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19080Hough transforms

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  • Gary Livick
    Aug 1, 2004
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      I generally get over my head about once a week. Perhaps someone has
      some information that will get my project going forward.

      The basic project: Between Kent Farnsworth and myself, we have an
      RF-linked Hero 2000 setup that allows controlling the robot via a remote
      host computer, using the robot itself running in its native BASIC from
      the command line as a slave. We use C as the programming language on
      the host. All the library programs have been written for mechanical
      control of the robot's functions, such as motion, sonar scanning, etc.

      The expanded project, phase 1: We have ported the "Grid Nav 1.0"
      grid-based planner, written by Tucker Balch, in its totality. This
      planner allows the Hero to navigate from point A to point B, self
      planning its route around obstacles. We utilize the robot's own PID
      system and odometry capabilities. It operates very effectively.

      The expanded project, phase 2: Using work by Hans Moravec, as explained
      very effectively by Prof. Crabbe at the US Naval Acadamy
      (http://www.cs.usna.edu/~crabbe/2004-01/SI475/classes/mapping/mapping.pdf),
      we have implemented an certainty grid, utilizing a Baysian conditional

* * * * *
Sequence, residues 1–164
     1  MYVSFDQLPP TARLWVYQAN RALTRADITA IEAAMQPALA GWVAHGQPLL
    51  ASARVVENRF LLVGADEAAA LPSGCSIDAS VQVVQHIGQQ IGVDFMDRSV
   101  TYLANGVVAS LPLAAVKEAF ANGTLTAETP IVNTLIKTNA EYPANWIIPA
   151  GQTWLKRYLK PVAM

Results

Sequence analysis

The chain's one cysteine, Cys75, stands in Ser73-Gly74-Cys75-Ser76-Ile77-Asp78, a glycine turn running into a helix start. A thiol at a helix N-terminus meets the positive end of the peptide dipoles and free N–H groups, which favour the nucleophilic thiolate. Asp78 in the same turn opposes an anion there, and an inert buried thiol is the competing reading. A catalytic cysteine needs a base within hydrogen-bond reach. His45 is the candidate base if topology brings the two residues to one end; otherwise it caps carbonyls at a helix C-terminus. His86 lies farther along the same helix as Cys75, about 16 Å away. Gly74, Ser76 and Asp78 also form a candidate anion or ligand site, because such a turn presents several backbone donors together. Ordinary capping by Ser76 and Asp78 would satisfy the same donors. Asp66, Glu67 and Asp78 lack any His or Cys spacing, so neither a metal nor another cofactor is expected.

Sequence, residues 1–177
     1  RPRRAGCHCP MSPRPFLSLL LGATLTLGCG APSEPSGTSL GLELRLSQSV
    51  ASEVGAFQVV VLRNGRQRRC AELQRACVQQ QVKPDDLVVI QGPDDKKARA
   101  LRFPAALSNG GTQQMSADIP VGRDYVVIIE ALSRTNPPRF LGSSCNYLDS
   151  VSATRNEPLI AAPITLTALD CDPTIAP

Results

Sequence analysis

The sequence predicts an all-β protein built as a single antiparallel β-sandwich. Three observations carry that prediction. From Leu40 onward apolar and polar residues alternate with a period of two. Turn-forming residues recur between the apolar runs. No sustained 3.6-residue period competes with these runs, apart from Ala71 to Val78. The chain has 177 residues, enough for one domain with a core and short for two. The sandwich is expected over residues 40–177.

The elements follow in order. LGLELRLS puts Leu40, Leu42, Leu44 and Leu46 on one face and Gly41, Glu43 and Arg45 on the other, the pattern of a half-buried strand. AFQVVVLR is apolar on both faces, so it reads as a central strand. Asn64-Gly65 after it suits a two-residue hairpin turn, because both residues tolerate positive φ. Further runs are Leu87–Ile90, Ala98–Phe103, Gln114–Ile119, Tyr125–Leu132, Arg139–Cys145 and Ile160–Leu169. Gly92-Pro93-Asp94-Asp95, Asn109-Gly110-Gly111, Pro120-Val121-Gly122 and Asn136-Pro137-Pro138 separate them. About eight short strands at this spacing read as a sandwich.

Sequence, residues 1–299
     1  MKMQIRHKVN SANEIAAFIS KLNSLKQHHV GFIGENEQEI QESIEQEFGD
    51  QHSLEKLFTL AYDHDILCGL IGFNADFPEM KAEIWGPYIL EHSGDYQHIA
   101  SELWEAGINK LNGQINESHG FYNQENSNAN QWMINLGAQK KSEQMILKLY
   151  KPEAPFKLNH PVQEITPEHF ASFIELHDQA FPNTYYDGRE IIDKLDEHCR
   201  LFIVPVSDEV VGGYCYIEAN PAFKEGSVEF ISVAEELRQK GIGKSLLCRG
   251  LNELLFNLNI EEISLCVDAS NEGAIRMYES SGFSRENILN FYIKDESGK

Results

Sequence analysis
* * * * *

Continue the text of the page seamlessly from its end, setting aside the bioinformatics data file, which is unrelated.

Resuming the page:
probablily approach, built up from sonar date. We display the results
      on the host screen, and see that we get an excellent representation of
      the local areas around the robot.

      The expanded project, phase 3: This is the over-the-head part. In order
      to make use of the certainty grid for simultaneous localization and
      mapping, we think it will be most expedient to utilize a Hough transform
      approach to both create the global map of the robot's world, and for use
      in later self-localization of the robot within it. That's where I'm
      stuck.

      What is needed is a Schaum's Outline-like straight explanation of the
      Hough transform for generating straight and simple curved lines from an
      occupancy grid (actually converted to an occupancy grid for this
      purpose, which will then represent a coarse bitmap of the environment),
      along with simple example applications written in C, or at least pseudo
      code.

      The work I'm seeing which uses the above approach tends to use MAT-LAB.
      We want to do it all self-contained in our own code.

      Anyone have any pointers to something like this. Anyone doing similar work?

      Thanks,

      Gary Livick




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